Endosymbiosis and evolution of Organelles Essay

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Endosymbiosis is important as it enables us to understand the evolution of eukaryotes from the common ancestor. This essay will focus on: the early evolution of our eukaryote ancestor during Precambrian period, plastids origin along the algae family due to second endosymbiosis; discuss the evidence that supports the theory, including further examples of endosymbiosis.
The theory, as discussed by Lynn Margulis, states that mitochondria originated from α-proteobacteria bacterium which was engulfed by the ancestral anaerobic eukaryotic cell, through endocytosis, and retained within the cytoplasm due to atmospheric oxygen increase. Prokaryote organism produced ATP, through oxidative phosphorylation, by receiving organic compounds from the eukaryote, causing the eukaryote to become dependent on prokaryote for ATP production and the prokaryote to become dependent on the eukaryote for other cellular functions. Consequently, both organisms evolved in symbiosis with each other and most the genes of a unicellular organism were transferred to the genome of the host, getting enclosed in the nucleus. Due to the advantageous relationship between the host and symbiont, prokaryote organism lost their ability to survive independently and, was reduced into mitochondria which were transmitted to future generation vertically (Debashish et al., 2003). The evolutionary history of plants involves at least two independent endosymbiotic events (as shown in Figure 1); because plastids such as chloroplast evolved when a primary endosymbiotic event caused photosynthetic cyanobacteria to be engulfed by some non-photosynthetic host cells (Dyall et al., 2004).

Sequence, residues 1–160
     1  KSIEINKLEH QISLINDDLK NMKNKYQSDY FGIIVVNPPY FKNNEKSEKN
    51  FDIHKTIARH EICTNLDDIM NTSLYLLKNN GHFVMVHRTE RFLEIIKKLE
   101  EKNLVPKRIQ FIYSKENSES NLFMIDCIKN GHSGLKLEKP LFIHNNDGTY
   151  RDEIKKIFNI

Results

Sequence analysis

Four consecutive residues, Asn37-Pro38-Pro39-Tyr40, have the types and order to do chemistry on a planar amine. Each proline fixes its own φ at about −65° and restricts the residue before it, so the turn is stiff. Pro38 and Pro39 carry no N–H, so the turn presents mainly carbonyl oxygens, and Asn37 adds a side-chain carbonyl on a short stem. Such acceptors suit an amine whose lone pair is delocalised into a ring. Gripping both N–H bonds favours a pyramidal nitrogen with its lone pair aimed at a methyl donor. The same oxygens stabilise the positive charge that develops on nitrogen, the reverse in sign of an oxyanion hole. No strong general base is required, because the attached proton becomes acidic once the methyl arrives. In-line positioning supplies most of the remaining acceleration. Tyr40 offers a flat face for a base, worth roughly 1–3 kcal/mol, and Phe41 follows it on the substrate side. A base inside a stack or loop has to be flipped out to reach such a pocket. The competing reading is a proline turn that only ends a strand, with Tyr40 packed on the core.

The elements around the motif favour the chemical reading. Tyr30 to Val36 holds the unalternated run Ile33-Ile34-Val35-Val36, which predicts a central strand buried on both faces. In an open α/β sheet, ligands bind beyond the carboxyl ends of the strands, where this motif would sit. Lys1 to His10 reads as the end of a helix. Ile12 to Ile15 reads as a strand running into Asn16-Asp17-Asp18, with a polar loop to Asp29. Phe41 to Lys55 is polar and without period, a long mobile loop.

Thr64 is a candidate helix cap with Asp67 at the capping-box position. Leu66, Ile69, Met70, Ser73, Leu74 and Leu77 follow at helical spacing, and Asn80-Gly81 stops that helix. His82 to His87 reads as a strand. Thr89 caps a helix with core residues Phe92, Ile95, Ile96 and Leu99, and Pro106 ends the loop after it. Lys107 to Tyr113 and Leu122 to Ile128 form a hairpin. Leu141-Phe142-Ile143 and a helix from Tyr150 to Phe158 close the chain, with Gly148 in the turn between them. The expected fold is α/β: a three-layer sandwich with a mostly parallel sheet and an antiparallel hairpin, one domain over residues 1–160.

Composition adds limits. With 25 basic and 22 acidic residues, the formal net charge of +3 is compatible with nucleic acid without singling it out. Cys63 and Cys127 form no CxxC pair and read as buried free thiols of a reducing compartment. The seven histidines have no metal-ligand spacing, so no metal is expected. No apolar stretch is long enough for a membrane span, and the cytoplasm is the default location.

Chlorophyta, Rhodophyta and Glaucophyta are three clades, belonging to the group Archaeplas...

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...n, P.J., 2004. Ancient Invasions: From Endosymbionts to Organelles. Science, 304 (5668), pp. 253-257.
Lake, J.A., 2009. Evidence for an early prokaryotic endosymbiosis. Nature, 460, pp. 967-971.
McFadden, G. I., 2001.Primary and Secondary Endosymbiosis and the Origin of Plastids. Journal of Phycology, 37(6), pp. 951–959.
Rumpho, M.E., Worful, J.M., Lee J., Kannan, K., Tyler, M.S., Bhattacharya, D., Moustafa, A. and Manhart, J.R., 2008. Horizontal gene transfer of the algal nuclear gene psbO to the photosynthetic sea slug Elysia chlorotica. PNAS, 105(46), pp. 17867-17871.
Smith, A.M., Coupland, G., Dolan, L., Harberd, N., Jones, J., Martin, C., Sablowski, R. and Amey, A., 2010. Plant biology. New York: Garland Science; Taylor & Francis distributor.
Tomitani, A., 2006. Origin and early evolution of chloroplasts. Paleontological Research, 10 (4), pp. 283-297.

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